Trivia: Charles Foster Kane was based on publishing legend William Randolph Hearst and the movie has many in-jokes and gags given at Hearst's expense. The one that Hearst probably took the most offense to was the use of "Rosebud" in the film - it wasn't a childhood toy of his, but the pet name he had given his mistress' private parts.
Trivia: When the film was released, the Hearst newspapers refused to mention it by name, only calling it an "exciting RKO release." Before its release, publisher William Randolph Hearst, the owner of the newspapers, unsuccessfully attempted to block the film because he felt that the character of Charles Foster Kane is based on his life.
Trivia: This was the first motion picture to introduce "ceilings" into a shot of a scene taking place indoors from an actual set. Before this, due to the extreme lighting needed, the set was shot at angle that did not reveal that there was no ceiling on the set itself, otherwise it would have had to been shot indoors at a real location, which made for poor lighting that looked unrealistic. Orson Welles used a technique were a piece of thin cloth material was stretched over the top of the set which allowed the stage lighting to shine through, but appeared as a solid ceiling on film, further adding to the many other techniques used in this film to give the viewer a sense of realism.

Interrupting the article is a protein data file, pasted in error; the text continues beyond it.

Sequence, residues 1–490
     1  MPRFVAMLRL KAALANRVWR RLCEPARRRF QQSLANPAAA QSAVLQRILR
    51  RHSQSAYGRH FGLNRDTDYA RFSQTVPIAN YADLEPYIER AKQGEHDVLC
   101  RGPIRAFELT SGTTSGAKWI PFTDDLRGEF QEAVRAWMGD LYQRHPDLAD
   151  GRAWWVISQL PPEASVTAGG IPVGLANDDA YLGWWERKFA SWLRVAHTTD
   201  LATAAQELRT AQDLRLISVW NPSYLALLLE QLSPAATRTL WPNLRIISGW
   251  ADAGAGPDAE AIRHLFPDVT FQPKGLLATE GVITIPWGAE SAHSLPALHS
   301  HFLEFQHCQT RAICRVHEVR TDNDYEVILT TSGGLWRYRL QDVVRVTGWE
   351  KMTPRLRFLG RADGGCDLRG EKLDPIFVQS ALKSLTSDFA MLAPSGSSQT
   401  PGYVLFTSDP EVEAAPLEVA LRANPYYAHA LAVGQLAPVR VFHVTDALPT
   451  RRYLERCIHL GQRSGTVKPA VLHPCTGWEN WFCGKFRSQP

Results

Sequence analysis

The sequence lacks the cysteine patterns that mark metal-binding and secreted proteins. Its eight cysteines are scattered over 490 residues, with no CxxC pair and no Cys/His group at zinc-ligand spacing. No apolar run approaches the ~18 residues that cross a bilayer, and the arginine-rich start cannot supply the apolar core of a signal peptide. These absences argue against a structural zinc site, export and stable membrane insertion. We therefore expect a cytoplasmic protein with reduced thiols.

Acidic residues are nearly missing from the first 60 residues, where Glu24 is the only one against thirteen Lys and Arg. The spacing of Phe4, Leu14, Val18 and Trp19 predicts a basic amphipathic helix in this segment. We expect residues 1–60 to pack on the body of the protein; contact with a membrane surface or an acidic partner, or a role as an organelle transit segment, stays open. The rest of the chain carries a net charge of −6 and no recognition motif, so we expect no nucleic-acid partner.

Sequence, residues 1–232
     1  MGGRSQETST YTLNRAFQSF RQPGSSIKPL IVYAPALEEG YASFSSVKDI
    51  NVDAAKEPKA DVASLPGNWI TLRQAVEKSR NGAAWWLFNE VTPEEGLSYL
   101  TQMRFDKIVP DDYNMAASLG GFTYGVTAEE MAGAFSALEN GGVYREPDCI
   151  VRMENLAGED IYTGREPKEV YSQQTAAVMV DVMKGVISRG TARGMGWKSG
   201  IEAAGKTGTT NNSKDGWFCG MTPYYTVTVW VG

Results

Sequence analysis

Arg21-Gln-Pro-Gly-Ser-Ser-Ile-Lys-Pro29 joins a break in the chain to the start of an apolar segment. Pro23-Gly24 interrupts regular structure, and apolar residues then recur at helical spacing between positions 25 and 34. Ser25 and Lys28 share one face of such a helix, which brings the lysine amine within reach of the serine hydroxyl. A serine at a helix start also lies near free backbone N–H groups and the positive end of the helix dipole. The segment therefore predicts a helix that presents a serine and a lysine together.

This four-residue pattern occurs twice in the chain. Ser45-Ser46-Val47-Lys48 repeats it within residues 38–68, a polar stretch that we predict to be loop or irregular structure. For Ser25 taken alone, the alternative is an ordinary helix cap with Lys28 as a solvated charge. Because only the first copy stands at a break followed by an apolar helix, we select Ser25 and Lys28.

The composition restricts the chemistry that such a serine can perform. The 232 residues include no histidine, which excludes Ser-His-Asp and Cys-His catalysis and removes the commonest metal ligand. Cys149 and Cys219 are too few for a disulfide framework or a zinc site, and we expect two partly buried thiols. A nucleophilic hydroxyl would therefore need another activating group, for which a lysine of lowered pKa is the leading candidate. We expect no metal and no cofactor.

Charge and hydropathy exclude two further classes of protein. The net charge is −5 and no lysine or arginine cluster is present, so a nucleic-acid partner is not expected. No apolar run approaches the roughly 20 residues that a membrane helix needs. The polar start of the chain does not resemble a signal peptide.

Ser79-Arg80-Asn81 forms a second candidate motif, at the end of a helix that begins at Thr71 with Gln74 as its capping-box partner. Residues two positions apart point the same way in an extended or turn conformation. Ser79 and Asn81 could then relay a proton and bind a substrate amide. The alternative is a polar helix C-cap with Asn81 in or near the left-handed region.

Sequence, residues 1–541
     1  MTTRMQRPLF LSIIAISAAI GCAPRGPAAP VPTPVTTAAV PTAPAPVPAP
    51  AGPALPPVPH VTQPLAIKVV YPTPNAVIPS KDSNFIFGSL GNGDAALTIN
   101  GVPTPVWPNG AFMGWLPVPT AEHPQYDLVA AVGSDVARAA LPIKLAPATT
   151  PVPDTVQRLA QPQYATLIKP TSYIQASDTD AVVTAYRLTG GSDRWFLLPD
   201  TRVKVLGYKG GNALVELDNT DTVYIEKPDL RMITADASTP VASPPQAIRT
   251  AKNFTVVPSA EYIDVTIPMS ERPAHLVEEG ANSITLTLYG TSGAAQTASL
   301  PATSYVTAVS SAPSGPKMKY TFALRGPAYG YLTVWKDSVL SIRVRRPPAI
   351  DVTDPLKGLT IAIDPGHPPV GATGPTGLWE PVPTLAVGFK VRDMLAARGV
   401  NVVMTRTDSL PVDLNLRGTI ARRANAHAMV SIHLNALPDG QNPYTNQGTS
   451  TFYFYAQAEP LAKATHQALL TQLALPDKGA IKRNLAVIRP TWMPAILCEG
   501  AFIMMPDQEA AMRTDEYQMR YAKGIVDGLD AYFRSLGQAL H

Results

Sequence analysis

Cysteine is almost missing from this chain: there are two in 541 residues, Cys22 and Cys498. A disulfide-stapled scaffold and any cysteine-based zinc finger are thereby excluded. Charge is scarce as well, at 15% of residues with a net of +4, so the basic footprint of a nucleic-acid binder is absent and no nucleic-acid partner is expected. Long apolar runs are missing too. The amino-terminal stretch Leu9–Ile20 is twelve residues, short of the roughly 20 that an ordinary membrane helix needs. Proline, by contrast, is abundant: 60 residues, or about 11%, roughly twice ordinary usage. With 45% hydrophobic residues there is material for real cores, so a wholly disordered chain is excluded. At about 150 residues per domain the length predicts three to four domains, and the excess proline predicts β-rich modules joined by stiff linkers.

Trivia: In the famous death scene, after the snow globe crashes, the snow does not remain in the globe (or on the floor,) but instead, takes over the entire screen. It was a mistake that was noticed by director Orson Welles, but kept for its dramatic effect; he felt that it added a sense of transcendence to Kane's death that was otherwise only implied.
Trivia: An interesting camera trick that Welles used during filming was that many of the shots of Kane were used with the camera looking up at him. For many of the "inferior" characters, the camera is always looking down on them - a subtle reminder of Kane's view of the world.
Trivia: To get most of his extremely low angle shots, Welles often had to dig a hole in the set to place the camera and its operator in, given the size of motion picture cameras at that time. The best example of this extreme low angle camera takes place after the political rally is finished.